Translations of this item:

  • Egyptian President Sisi's war against the smuggling tunnels will undoubtedly weaken Hamas and other radical groups in the Gaza Strip. Sisi should be commended, rather than criticized, for his courageous actions against Islamist terrorists, both in the Gaza Strip and in Sinai.

  • Sisi's actions will benefit not only Egyptians, but also many Palestinians who are opposed to Hamas and radical Islamist groups.

  • When the Egyptians destroy a Hamas tunnel, that is called "war on terrorism." But when Israel destroys a tunnel, that is condemned as an "act of aggression." This moral slithering is why it is important for the international community to stand behind Sisi's relentless war on radical Islam.

  • Without such backing, Islamists will continue to pose a major threat not only to Israel, but to many Arabs and Muslims who oppose Hamas, Islamic State and Islamic Jihad.

  • The environment of the Gaza Strip is the last thing that Hamas cares about. Hamas did not think about damage to the environment or to agricultural fields when it used those fields, as well as populated areas, as launching pads for attacking Israel.

Egypt began this week flooding smuggling tunnels along their border with the Gaza Strip with water from the Mediterranean Sea -- a move being condemned by Hamas and other Palestinian factions as a "disturbing nightmare."

The Egyptian army's move is another sign of President Abdel Fattah el-Sisi's determination to destroy the tunnels that were used to smuggle weapons, people and merchandise from Sinai to the Gaza Strip and the other way around.

This act is also a sign of Sisi's resolve to pursue his military campaign against Islamist terror groups that are waging war against the Egyptian authorities in Sinai. The Egyptians are convinced that Hamas and other Palestinian groups have been providing aid to the terror groups in Sinai.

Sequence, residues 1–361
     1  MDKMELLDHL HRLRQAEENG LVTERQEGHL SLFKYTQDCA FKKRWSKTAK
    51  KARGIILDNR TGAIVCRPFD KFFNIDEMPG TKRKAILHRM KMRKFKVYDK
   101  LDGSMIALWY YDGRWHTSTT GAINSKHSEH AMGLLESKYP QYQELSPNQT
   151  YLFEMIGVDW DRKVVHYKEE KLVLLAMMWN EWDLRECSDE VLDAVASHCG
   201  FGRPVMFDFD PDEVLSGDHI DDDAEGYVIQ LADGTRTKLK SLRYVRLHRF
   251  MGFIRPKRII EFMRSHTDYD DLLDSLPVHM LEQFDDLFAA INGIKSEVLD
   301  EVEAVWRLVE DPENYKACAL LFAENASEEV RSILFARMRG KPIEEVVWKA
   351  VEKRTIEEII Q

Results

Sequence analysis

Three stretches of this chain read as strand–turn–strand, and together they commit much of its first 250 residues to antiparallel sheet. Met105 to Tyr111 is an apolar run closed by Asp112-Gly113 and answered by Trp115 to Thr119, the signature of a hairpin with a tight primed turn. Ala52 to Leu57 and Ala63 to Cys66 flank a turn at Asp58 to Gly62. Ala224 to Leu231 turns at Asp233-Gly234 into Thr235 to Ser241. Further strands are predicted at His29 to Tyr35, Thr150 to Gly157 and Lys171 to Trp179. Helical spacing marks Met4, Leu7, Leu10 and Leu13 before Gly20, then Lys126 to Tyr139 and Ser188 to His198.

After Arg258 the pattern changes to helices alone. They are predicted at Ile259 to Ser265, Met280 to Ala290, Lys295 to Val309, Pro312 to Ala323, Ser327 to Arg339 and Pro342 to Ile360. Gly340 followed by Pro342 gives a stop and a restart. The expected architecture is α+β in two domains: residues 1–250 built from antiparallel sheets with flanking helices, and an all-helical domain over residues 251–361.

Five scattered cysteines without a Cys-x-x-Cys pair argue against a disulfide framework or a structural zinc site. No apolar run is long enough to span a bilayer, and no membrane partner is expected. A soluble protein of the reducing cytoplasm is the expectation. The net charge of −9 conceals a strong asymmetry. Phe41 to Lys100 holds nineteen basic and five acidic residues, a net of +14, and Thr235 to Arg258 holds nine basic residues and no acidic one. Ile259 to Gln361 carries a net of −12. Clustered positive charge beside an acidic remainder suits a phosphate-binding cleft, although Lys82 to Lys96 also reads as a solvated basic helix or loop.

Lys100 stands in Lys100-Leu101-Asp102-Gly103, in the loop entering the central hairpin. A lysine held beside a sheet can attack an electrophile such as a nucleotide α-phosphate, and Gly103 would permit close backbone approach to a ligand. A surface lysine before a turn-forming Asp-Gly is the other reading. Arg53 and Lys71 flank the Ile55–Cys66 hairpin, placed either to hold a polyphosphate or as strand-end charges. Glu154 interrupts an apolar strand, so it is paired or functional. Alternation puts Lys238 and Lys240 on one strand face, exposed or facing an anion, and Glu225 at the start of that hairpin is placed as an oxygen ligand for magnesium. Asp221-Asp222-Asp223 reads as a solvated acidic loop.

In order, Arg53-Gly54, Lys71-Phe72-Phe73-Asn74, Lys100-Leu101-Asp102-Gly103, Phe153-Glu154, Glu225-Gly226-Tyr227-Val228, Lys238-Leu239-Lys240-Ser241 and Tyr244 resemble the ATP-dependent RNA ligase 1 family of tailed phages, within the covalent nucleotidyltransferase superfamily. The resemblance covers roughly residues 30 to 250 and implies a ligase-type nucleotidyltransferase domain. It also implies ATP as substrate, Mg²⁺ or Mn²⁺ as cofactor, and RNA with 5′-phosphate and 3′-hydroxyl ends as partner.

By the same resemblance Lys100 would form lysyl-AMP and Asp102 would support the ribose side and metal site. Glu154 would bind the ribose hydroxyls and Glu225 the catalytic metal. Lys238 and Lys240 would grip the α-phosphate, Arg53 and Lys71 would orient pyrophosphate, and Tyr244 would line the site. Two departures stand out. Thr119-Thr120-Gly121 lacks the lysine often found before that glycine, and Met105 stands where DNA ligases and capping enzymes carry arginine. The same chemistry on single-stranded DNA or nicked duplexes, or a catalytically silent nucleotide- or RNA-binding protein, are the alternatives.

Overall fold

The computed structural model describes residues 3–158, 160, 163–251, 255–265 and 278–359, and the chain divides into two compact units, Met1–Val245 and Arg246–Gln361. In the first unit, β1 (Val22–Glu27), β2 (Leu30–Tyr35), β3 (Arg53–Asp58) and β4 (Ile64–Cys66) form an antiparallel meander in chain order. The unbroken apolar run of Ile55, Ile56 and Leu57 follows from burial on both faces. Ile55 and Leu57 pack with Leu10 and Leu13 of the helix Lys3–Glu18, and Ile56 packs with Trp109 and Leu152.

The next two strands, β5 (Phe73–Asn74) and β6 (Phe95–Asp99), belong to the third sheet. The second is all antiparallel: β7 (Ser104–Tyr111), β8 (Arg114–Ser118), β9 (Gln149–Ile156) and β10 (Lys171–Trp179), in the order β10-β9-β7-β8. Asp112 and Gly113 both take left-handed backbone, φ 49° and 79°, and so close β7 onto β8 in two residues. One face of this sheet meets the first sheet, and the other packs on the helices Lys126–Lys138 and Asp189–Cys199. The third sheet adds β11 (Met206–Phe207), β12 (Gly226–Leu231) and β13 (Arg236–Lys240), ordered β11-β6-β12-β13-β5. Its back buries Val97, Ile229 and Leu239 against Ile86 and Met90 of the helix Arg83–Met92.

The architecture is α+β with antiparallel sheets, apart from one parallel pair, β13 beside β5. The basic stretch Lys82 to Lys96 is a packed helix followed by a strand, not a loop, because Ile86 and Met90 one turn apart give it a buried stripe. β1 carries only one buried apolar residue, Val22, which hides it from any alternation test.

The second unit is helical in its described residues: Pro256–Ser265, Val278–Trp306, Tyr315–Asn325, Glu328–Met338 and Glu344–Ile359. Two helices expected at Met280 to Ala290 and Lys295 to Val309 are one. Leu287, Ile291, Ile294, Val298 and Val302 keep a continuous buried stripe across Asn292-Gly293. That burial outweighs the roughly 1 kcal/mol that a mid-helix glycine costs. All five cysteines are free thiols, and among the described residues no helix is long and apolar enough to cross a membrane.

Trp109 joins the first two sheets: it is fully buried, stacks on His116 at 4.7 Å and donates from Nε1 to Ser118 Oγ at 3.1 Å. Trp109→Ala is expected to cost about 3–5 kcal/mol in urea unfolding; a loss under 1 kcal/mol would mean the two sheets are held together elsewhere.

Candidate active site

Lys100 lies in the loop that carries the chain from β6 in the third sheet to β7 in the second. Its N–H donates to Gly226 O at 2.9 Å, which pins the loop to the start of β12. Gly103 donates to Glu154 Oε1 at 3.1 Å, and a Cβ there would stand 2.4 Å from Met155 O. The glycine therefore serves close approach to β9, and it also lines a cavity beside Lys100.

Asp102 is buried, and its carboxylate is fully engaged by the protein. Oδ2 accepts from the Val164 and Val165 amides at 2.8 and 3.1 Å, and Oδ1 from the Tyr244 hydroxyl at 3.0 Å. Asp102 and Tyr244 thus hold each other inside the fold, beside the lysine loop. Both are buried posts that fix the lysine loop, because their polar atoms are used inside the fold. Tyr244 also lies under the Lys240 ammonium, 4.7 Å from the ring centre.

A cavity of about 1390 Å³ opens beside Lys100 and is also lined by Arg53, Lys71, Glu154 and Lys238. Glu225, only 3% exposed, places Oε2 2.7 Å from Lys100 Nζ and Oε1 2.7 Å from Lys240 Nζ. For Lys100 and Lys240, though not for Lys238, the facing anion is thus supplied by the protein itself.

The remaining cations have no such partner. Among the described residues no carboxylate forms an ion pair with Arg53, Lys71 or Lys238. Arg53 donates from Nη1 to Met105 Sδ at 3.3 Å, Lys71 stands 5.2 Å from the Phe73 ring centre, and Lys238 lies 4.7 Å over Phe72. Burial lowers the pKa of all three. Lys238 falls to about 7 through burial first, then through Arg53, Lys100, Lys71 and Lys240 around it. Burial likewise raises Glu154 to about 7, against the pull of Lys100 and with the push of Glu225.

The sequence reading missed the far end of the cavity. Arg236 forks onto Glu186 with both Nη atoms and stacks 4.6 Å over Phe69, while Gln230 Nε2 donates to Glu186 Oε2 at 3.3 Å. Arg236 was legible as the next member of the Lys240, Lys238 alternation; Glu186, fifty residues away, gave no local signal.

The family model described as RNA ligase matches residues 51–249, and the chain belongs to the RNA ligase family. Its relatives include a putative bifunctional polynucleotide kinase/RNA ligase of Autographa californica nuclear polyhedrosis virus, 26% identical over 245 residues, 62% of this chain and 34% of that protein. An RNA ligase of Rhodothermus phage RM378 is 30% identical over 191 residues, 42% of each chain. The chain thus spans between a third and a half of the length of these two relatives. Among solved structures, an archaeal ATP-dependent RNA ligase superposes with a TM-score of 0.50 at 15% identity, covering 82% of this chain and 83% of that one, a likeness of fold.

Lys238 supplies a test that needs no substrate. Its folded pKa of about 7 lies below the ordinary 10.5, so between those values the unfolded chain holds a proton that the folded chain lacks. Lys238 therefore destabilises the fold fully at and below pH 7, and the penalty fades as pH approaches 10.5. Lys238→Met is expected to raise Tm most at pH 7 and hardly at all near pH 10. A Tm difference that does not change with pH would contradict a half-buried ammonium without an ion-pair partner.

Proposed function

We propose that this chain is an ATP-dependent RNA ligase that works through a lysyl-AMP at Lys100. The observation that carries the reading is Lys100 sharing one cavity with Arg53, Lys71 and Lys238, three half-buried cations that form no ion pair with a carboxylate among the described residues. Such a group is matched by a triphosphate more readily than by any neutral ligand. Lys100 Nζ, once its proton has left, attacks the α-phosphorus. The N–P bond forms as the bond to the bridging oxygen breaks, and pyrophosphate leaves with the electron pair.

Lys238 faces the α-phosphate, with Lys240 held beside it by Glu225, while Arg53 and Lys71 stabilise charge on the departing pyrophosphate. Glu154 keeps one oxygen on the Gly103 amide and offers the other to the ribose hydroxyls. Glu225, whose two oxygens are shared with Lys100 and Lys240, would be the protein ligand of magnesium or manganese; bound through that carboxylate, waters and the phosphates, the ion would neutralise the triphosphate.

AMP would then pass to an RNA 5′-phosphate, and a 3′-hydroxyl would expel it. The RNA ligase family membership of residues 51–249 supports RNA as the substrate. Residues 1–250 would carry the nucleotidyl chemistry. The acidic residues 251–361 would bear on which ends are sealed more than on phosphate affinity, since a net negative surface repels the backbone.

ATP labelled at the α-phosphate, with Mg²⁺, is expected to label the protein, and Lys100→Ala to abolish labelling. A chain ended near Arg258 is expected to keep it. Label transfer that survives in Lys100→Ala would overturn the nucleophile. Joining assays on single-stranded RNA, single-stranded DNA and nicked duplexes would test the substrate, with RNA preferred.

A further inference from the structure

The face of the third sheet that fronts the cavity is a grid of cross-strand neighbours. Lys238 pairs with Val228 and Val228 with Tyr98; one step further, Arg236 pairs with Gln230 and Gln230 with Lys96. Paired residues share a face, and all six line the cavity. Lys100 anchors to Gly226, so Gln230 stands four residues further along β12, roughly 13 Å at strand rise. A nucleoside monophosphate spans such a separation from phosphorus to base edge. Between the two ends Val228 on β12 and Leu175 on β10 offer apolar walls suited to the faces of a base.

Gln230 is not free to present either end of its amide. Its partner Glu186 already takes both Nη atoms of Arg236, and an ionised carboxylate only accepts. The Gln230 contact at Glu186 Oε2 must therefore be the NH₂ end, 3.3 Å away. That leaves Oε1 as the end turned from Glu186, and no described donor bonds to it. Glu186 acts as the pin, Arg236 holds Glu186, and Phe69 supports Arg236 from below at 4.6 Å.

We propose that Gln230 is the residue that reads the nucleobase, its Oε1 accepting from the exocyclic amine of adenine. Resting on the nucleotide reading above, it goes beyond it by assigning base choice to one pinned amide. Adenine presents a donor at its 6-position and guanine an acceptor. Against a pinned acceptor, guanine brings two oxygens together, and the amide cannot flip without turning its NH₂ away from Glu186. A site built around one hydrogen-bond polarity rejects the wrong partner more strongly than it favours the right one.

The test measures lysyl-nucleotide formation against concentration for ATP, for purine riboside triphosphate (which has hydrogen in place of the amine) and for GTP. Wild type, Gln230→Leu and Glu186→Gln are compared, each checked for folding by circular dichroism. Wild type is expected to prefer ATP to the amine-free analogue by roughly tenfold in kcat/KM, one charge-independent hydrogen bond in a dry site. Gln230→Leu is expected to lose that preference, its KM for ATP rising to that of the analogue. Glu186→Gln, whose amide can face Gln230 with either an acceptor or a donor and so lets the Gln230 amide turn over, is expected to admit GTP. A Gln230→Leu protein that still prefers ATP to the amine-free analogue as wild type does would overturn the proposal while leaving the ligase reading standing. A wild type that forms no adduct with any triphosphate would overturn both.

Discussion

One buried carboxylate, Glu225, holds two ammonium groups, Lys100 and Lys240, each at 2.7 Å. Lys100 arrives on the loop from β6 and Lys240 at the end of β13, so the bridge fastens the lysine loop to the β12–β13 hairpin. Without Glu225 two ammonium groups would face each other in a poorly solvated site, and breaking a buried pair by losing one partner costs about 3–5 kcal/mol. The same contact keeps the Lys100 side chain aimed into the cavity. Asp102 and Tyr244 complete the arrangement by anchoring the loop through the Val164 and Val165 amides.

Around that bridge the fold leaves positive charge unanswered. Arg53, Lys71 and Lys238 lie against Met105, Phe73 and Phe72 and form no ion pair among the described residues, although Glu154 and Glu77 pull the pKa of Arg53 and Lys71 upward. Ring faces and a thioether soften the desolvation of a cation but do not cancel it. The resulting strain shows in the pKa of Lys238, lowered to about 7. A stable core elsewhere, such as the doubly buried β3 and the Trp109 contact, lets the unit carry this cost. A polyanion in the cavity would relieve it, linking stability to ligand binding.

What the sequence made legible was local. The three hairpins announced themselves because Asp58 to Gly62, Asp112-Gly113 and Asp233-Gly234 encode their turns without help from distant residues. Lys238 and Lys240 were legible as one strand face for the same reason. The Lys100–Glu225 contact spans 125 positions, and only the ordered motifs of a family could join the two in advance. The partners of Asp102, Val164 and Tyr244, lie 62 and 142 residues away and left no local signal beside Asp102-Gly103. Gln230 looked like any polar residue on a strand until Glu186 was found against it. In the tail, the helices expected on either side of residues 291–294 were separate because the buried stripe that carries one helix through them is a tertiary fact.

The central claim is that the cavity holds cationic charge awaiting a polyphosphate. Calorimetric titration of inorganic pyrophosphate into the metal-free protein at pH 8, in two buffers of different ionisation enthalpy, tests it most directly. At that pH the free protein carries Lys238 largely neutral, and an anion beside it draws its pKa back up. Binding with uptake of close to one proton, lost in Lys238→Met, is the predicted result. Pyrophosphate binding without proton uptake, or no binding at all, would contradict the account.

Since the beginning of the year, dozens of Egyptian soldiers and police officers have been killed in a spate of terror attacks launched by Islamist groups in Sinai.

Earlier this week, Egypt's Interior Ministry announced that terrorists shot dead an Egyptian general in Sinai. In another similar shooting a few days earlier, a terror group killed General Khaled Kamel Osman.

The decision to pump water into the smuggling tunnels is seen as a severe blow not only to the terror groups in Sinai, but also to Hamas, Islamic Jihad and other Palestinian factions inside the Gaza Strip.

Seawater covers parts of the ground where Egypt has been pumping water into smuggling tunnels along the border with Gaza. (Image source: Al Jazeera video screenshot)

Judging from the reaction of the Palestinian groups, it is clear that they are in a state of hysteria as they see their tunnels collapsing one after the other.

In a statement published in the Gaza Strip, Palestinian groups, including Hamas, denounced the flooding of the tunnels as a "disturbing nightmare" for the Palestinians. The factions appealed to the Egyptian authorities to "stop this despicable crime against the Palestinian people and their environment."

"The Palestinian people are surprised by the Egyptian move, which will tighten the blockade on the Gaza Strip, destroy vast areas of agricultural land and harm those living near the border (with Egypt)," the statement said.

Initially, Hamas leaders did not take the reports about flooding the tunnels seriously. Some Hamas leaders, in fact, first thought that these were rumors designed to scare them and other Palestinian groups in the Gaza Strip.

But when Hamas leaders woke up on September 13 to discover that the Egyptians had begun pumping water into the smuggling tunnels, they could not believe what they were seeing.

Hamas spokesman Sami Abu Zuhri announced that his movement asked the Egyptians to stop flooding the tunnels with seawater. "We hope that the Egyptians will comply with our demand," Abu Zuhri said. "This measure is completely unacceptable and poses a threat to many families living alongside the border."